Employees devastated by news

Published 9:09 am Friday, October 23, 2009

FRANKLIN—Guy Freeman Jr. was working his regular shift on the production floor at International Paper Co.’s Franklin mill while Thursday’s meeting announcing the mill’s closure was being held.

“It was slipping through the cracks before the meeting was even over,” he said. One of his coworkers received a text message saying that the mill was closing. “Everybody started going to the computers, checking e-mails and everything.”

Many employees said they weren’t completely caught off guard by the closure but were surprised by how quickly it happened.

“A lot of us felt it was coming with all of the shutdowns, but we just were not expecting it now,” said Lee Parker, who works in maintenance and has been at the mill for 21 years. “We were not shocked that it happened, just shocked at the timing.”

Working the rest of his shift after hearing the news wasn’t easy, Freeman said.

“It was crazy, just sitting there wondering what you’re going to do next, what’s the next move you’re going to have to make, thinking about the future, what you’re going to do and how you’re going to pay this and how you’re going to pay that,” he said.

Fred Myrick, standing outside of the mill, said he got a call to come in for a meeting.

“It was like a punch in the stomach,” he said of the news. “They didn’t give us any warning. I feel devastated.”

Myrick, who works in fibers and has been at the mill for four years, said he worried about the mill closing but was taken aback by how quickly everything happened.

“This is going to be hard,” he said. “I’ve seen crying today. It’s a sad situation.”

Chris Francis, who’s been at the mill for 14 years and works in mill maintenance, predicts that the closure will cost the area 5,000 jobs indirectly.

“The area is going to be devastated, and it will be felt in a 100-mile radius,” he said.

Parker agrees that the closure will cause a ripple effect through the entire region.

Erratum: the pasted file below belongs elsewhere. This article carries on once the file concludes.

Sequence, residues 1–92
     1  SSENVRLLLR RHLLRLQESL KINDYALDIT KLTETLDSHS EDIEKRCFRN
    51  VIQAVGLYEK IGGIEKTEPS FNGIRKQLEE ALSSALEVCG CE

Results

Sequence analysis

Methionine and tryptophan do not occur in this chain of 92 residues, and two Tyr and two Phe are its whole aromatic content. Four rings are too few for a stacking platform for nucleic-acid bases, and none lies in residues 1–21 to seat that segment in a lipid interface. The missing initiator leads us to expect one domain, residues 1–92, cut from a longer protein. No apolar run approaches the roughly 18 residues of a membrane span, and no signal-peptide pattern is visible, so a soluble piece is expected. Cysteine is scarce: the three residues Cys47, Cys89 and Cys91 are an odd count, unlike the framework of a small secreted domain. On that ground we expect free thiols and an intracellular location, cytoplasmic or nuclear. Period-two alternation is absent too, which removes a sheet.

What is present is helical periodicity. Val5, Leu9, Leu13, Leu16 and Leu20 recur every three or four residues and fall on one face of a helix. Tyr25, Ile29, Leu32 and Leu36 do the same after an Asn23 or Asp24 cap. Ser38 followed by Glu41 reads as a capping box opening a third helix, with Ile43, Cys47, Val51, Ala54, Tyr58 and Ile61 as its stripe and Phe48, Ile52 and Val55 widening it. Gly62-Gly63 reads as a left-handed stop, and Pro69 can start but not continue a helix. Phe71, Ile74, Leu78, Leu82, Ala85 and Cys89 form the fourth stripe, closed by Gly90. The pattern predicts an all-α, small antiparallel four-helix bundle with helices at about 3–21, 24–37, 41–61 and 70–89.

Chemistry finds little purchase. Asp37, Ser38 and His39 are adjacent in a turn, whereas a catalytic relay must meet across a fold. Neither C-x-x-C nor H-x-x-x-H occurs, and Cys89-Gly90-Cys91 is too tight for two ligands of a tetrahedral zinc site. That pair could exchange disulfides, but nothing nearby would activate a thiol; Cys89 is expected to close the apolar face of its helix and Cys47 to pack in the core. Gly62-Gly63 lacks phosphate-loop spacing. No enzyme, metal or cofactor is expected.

“Franklin is going to see a big blow no doubt, I’d say a third of the businesses over here will suffer big time, a lot of them will fold up and go under,” he said.

Tower operator Steve Ivey has worked at the mill for 32 years. He isn’t pleased with the way the closure is being handled.

“They won’t answer your questions, they won’t tell you anything you want to know, there is no need to sit and go through the meeting,” he said. “Everything is their way, it’s been their way, and it’s going to be like that. I guess we are out of luck.”

IP’s decision not to put the mill up for sale angered some employees like chip helper Glenn Banty, who’s been there for 24 years. He said putting the mill up for sale would at least give employees a chance to keep their jobs.

“But they are just going to shut it down, and paper will never be made here again,” he said.

As for his future, 43-year-old Freeman is uncertain.

“I don’t know what I’m going to do yet, I really don’t,” he said. “I’ve been doing this for 22 years. I’m not a young man trying to apply for a job.”

“It’s kind of hard to start all over,” Freeman said, and he doesn’t want to leave the area.

“If I was to have to relocate, it would be very devastating for me to leave my kids, my father,” he said. “All of my family is here.”

Log crane operator Joe Umphlett, a 27-year employee, said that his family has been involved with the mill for generations.

“My folks have been in this mill for 72 continual years,” he said.

Joe Stutts, who retired from Union Camp after 28 years of service and served as the company’s manager of community relations, said the news was devastating.

“My personal reaction is one of great sadness because a lot of people gave their whole careers to making it a successful business. We had a culture there of the company looking after its own. Of course, that is all gone now.”